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Wednesday, May 06, 2009

spaghetti with garlicky white wine clam sauce

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Mother’s Day

This time of year I always think a lot about my mom, not just because it’s Mother’s Day, but because it’s springtime, and time to be planting seeds and getting the garden ready. My mom was an amazing vegetable gardener, and this time of year you could usually find her in the greenhouse. I remember the smell of the greenhouse—the rich smell of the dark earth in the big raised beds on each side. In the spring there was usually a faint scent of fish fertilizer, and later in the season, my nose would be filled with the rich aroma of tomato plants. My mom would spend hours each day after teaching school, planting seeds and transplanting little seedlings into bigger pots. She would talk to her little babies, encouraging them to thrive. Later, when school was out, she would spend much of her free time in the garden: weeding, watering, and harvesting, and chatting with the chickens in the yard next to the garden.

On Mother’s Day, though, the focus was on flowers, not on vegetables. Every year we’d get up and make breakfast for her (although she never liked to eat it in bed). After presenting her with our gifts, we’d hop in the car for a tour of the plant nurseries in town. Mid-May in Anchorage is still fairly cool, and it was so pleasant to browse through the huge, humid and fragrantly warm greenhouses, admiring the beautiful varieties of annual flowers and hanging baskets. My brother and I were always allowed to pick out a couple of six-packs of annuals to plant in our own little flower gardens. Even though our little flower patches would get rather weedy toward the end of the summer (we were sick of working in the vegetable garden by that time, too), each spring brought new excitement for our little gardens. Ben usually picked impatiens of some kind—the neon pink or orange varieties, and would then plant lots of nasturtiums from seed. My mom loved when I picked allysum, those mounds of tiny white flowers that smell much more beautiful than they look. We thought it was neat that their name was like mine, and I would usually get some pansies to plant along with them. Of course my mom would always plant lots of flowers from seed, too—cosmos and snapdragons, lobelia and marigolds to fill hanging baskets and planter boxes. And when she would inevitably have many more seedlings to transplant than she could possibly use, she could never throw them away, but distributed them to her friends and neighbors.

While I don’t plant many annuals (and Dan is in charge of our small vegetable garden), I do love my perennial garden. Some of the flowers are already beginning to show some buds!  I’ll write more about that later, though. For now, I’m wishing you and your mothers a very Happy Mother’s Day!

spaghetti with garlicky white wine clam sauce

This is one of my favorite recipes of my mom’s. It’s garlicky and complex from the wine, but it’s not overly rich, since there isn’t any cream in the sauce.  My mom used to make it with her home-made canned clams, even though she didn’t particularly care for clams! Is that true love, or what? I’ve never made it with commercially canned clams, but it’s wonderful with fresh or frozen clams, as well as with home-canned.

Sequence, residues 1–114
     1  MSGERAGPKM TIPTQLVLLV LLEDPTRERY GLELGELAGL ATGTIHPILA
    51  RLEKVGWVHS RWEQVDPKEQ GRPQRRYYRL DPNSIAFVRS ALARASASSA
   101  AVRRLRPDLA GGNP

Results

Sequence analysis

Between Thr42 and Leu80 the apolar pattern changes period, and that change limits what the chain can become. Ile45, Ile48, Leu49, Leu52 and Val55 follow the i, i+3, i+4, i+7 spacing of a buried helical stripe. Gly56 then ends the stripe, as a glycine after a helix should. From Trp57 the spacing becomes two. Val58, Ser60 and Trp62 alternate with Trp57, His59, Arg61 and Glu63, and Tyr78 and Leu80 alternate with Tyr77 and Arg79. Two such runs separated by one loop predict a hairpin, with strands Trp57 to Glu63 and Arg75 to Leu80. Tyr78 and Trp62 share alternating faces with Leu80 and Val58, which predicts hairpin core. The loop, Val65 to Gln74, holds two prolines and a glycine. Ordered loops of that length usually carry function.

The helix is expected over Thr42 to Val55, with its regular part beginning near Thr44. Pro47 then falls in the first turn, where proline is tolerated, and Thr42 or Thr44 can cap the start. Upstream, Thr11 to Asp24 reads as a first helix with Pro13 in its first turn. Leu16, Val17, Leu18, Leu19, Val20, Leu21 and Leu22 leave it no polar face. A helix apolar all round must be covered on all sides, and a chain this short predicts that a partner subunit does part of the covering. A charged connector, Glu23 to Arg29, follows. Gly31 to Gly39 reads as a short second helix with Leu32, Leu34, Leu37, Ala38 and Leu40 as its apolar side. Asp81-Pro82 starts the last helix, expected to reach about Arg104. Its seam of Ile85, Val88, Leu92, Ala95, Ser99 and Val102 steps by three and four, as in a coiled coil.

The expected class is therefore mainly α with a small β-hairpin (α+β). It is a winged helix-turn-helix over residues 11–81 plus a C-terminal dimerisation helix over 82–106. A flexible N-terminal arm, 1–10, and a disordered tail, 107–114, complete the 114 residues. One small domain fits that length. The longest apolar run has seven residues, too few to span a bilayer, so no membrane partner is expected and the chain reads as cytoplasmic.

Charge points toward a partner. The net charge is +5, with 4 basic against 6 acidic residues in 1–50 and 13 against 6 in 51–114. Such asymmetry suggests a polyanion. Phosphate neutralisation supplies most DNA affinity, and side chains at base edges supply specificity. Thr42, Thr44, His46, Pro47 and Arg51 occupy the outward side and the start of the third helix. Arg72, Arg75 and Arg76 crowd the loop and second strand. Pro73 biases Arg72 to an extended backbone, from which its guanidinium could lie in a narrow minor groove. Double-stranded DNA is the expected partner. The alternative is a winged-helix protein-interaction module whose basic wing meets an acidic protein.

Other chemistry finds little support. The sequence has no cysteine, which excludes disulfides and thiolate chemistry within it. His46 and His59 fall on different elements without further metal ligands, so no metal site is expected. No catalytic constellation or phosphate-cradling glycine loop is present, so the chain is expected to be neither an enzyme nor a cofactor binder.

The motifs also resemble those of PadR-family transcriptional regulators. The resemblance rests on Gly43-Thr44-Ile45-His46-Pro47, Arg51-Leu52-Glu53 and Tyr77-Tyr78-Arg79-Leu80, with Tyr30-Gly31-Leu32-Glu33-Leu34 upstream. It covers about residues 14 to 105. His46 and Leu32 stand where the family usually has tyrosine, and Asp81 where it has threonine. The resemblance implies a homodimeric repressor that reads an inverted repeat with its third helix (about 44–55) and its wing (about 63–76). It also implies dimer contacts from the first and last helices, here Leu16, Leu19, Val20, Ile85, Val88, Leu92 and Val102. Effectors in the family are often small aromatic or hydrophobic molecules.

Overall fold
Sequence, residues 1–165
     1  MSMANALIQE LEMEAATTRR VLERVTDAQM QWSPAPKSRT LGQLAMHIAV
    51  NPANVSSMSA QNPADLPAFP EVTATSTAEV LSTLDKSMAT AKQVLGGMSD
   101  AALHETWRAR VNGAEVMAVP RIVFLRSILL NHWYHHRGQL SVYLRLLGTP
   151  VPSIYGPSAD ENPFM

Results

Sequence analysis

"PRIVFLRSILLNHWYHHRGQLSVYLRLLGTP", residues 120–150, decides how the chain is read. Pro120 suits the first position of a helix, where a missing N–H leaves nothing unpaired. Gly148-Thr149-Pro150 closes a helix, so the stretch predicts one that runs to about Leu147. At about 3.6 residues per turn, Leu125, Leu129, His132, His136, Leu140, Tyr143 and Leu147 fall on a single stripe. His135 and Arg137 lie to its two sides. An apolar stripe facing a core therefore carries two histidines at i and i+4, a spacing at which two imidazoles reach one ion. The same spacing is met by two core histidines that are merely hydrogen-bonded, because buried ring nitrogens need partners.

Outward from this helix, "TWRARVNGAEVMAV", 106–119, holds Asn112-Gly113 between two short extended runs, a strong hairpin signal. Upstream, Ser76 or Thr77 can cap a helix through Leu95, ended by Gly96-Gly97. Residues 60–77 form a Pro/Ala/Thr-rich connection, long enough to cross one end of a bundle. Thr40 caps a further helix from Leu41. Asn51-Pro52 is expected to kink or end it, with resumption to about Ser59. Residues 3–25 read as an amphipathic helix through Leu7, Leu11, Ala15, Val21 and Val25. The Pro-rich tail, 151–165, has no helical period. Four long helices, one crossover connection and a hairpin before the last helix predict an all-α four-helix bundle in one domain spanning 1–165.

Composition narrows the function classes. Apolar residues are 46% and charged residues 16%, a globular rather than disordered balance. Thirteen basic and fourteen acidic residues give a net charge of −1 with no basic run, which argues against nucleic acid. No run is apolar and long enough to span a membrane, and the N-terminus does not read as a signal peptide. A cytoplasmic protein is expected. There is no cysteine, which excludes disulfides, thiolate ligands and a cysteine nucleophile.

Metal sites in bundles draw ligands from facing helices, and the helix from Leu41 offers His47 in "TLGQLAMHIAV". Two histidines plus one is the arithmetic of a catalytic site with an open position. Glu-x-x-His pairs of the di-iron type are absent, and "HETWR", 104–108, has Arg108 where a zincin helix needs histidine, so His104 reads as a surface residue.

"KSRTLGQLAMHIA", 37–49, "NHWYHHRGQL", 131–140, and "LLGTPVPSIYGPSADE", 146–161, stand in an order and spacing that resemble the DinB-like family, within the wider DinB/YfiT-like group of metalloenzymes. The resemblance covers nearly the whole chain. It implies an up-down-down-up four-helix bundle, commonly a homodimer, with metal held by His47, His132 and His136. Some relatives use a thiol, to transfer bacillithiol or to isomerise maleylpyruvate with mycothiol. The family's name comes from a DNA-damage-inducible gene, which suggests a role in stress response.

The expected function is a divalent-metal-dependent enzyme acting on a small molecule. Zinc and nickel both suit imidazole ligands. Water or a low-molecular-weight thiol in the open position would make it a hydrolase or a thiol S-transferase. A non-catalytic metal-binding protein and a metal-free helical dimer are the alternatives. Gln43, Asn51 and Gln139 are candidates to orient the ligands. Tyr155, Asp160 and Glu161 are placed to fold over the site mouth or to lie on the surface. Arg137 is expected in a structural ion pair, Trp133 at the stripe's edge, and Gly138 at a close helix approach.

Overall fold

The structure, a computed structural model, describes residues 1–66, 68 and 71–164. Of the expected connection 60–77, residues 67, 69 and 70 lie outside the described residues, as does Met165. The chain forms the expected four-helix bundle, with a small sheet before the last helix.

Even though I’m not a fan of clam chowder or fried clams, I love this recipe. I’ve served this dish to several clam skeptics with great success! I think you’ll really enjoy it! To complete the meal, just add a simple green salad. 

I have a meat grinder attachment on my KitchenAid mixer that I sometimes use to grind the clams if I’m doing a lot of them at once after a successful clam-digging expedition. I don’t have the patience or the huge pressure-cooker to can the clams like my mom did, but it works just fine to freeze them instead if you have more than you’ll eat all at once. If we don’t come home with many clams, sometimes I just freeze the clams shucked and whole. In that case, I chop them by hand just before I make this dish, when they are still partially frozen, and then when I add the white wine to the clams in the saucepan, I blender them up finely with an immersion blender. You could also do this step in a regular blender.

½ pound spaghetti (I like to use whole-wheat, but white is fine, too)
1 pint of ground clams, cleaned—either fresh or home-canned.  (We grind butter clams or razor clams and either can them or freeze them in pint amounts for this recipe.)
2 tablespoons olive oil
4 cloves garlic, minced
2 tablespoons dried oregano
1-2 cups dry white wine
fresh-ground pepper
1 or 2 bunches flat-leaf parsley, chopped
Parmesan cheese, freshly grated

1. Boil a large pot of water for the pasta. 
2. Heat the olive oil in a large frying pan.  Saute the garlic over medium heat until golden brown.
3. Add the clams and their liquid (if the clams are raw, there won’t be any liquid), the oregano (pulverize it between your palms as you add it), and the white wine.  If you haven’t ground the clams finely yet, do this now with an immersion blender or regular blender. Cook over medium-high heat until the wine is thickened and reduced and the clams are nicely saucy, but not too runny. 
4. When the water boils, add salt and put the pasta in to boil.
5. When the pasta is cooked, drain it and pour it into a large bowl.  Pour the clam sauce over the top of the pasta, more or less covering the center part of the platter.  Sprinkle the parsley all around the edges of the pasta to make a thick moat, and cover the clams in the middle with Parmesan cheese.  Grind pepper over the top of the clams.
6. Serve immediately, tossing the pasta at the table, making sure each person gets lots of parsley and clams.  Pass additional Parmesan cheese at the table. 


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